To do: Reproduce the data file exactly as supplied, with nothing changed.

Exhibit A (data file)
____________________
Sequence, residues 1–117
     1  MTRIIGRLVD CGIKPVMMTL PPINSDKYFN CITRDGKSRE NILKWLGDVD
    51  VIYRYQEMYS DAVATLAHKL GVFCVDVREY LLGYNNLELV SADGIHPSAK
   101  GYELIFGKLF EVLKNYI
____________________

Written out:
Sequence, residues 1–117
     1  MTRIIGRLVD CGIKPVMMTL PPINSDKYFN CITRDGKSRE NILKWLGDVD
    51  VIYRYQEMYS DAVATLAHKL GVFCVDVREY LLGYNNLELV SADGIHPSAK
   101  GYELIFGKLF EVLKNYI